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After owning a 2013 Volt for a couple of years, I started shopping around for an ELR when pricing was more palatable. Looked at Tesla too, but at the time, Model S was beyond my pay grade - and honestly, not that comfortable to drive. As much as I liked the Volt, the seats bothered my back on long trips. Prior to the Volt, I owned a 2011 Kia Optima SX Turbo. That was a great car, but I was spending $150 a month on gas. Traded in a 1999 Audi A6 Avant (wagon) for the Kia - bought as a fresh, off lease CPO car back in 2000. Owned that car for 10 years, and used Audi as a benchmark for build quality and long haul comfort. I was a rep for HP in my past life, and drove the Audi over 700 miles a week in my territory.

In May of 2015, we drove across PA and shopped new ELR cars, but lucked out and found a used one with 1309 miles on it in Lawrenceville, New Jersey. The drive back to Pittsburgh was a night and day difference than the Volt. First thing I noticed, is that I could see where I was going at night. And the car goes - not Tesla fast, but deceptively quick. Last, but not least, the 334 mile ride back home from Jersey was very comfortable and quiet, even with the generator running - thanks to the Bose active noise cancellation and the extra sound dampening material in the cabin.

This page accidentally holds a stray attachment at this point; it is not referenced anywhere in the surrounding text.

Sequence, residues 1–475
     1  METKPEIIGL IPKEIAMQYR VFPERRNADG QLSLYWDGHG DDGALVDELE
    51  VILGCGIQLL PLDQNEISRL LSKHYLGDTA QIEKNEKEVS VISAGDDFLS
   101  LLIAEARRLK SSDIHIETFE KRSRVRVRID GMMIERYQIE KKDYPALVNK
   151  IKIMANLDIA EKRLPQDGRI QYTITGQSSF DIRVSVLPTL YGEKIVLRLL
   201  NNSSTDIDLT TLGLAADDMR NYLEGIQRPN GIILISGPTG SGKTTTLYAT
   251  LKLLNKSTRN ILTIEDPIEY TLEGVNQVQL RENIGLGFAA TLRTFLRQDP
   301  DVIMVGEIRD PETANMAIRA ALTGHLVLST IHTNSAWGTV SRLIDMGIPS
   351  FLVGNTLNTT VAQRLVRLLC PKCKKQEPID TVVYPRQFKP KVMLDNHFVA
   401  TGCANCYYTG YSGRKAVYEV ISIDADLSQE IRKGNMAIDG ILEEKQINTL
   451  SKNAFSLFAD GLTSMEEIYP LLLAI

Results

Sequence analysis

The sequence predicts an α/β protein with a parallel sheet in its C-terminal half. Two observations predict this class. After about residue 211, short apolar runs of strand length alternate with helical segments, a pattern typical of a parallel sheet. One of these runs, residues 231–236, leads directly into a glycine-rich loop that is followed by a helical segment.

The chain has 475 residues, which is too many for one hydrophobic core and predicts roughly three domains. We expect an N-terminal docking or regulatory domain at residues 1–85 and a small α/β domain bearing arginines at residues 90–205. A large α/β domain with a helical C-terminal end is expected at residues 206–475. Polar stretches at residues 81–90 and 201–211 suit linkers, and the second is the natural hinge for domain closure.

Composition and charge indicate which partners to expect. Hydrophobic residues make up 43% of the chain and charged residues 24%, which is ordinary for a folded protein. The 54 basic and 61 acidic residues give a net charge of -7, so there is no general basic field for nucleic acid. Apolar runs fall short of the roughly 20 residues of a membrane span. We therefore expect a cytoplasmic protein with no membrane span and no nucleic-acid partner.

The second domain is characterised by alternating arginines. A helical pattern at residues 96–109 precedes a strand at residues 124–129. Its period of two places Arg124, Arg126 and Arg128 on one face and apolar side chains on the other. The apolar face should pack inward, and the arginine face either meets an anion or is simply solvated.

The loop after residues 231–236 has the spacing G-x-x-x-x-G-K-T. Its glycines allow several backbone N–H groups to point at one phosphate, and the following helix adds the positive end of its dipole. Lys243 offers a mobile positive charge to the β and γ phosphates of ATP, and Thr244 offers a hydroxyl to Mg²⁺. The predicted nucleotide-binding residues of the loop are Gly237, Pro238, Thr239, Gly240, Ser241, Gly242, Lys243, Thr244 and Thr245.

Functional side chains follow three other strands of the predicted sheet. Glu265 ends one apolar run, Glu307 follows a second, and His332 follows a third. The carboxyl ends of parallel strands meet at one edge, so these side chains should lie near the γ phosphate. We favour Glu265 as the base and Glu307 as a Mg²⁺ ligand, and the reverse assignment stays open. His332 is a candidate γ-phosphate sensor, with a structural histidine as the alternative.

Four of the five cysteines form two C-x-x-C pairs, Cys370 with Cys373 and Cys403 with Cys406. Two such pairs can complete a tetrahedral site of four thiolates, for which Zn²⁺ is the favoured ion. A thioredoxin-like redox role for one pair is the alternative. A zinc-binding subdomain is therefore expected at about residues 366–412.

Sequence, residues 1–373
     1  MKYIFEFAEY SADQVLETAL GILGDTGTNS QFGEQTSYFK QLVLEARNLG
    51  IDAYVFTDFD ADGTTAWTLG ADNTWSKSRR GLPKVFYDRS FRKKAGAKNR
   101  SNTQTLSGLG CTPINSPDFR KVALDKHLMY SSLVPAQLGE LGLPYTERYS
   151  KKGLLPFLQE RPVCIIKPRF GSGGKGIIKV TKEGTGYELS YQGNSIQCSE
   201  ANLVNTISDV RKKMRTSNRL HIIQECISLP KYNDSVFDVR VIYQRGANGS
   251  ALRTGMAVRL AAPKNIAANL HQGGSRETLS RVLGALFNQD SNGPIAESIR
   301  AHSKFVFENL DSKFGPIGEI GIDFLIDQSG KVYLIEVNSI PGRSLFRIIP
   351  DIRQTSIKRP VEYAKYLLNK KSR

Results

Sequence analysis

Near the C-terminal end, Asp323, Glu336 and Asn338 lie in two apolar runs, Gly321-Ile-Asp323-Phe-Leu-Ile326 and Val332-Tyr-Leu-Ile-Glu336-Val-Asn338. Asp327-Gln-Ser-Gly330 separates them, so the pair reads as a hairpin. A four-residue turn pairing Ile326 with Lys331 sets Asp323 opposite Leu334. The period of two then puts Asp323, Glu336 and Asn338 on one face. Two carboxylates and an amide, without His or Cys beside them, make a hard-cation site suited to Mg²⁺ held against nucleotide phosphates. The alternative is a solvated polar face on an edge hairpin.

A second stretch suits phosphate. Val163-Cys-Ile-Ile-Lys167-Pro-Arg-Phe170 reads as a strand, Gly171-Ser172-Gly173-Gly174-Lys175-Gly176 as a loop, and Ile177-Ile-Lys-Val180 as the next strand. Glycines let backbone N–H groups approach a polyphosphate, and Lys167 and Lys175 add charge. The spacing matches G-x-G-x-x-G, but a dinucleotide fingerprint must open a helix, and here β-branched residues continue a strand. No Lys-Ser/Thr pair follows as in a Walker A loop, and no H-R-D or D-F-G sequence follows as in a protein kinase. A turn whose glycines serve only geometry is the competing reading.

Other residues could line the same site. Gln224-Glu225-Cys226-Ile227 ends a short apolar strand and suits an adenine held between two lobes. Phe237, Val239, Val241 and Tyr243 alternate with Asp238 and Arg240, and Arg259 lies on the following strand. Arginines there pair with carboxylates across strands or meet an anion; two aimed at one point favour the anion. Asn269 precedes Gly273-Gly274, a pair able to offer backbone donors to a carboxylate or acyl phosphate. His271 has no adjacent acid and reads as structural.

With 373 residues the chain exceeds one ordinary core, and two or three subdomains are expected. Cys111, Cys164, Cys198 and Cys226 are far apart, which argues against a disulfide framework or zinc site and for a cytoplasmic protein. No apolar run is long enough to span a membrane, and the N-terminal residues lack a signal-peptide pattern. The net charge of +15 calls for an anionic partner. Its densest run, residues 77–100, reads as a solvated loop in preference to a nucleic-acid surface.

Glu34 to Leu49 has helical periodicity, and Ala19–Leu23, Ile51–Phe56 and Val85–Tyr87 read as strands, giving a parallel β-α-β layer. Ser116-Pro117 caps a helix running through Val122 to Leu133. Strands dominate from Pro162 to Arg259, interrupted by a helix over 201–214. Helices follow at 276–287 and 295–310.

I've mentioned this in previous posts, but if you're looking at a used ELR, make sure you check the tires, especially if the car has over 15,000 miles on it. Shame on GM for putting such terrible rubber on a great platform. End of rant.

What I like most about the ELR, is that it's a fantastic looking car, handles quite well in sport mode with good tires, is super comfy to drive long distances - and almost as thrifty as a Volt to operate. Have not put gas in it since December 22nd of last year. Charge on!


20170225_092842.jpg
 

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I agree with most of what you wrote about your ELR. When my Volt lease was up, I went and leased my ELR and now I'm in the last year before I have to decide to buy or give it back. I love this car and have had no problems to speak of with it. I still get excited when I get to drive it and it still turns heads. Still now, with it three years old, a week doesn't go by with out someone commenting on how nice it looks and asking me about the car. I would seriously consider buying this at the end of my lease but my big worry is the availability of parts down the road. I am disappointed that GM discontinued making this car or I would directly go and lease another. As of right now there isn't anything around now that fits my needs to to replace it with. I may have to go back to the Volt which is not a bad thing, but it just doesn't light the fire in me the same way the ELR still does.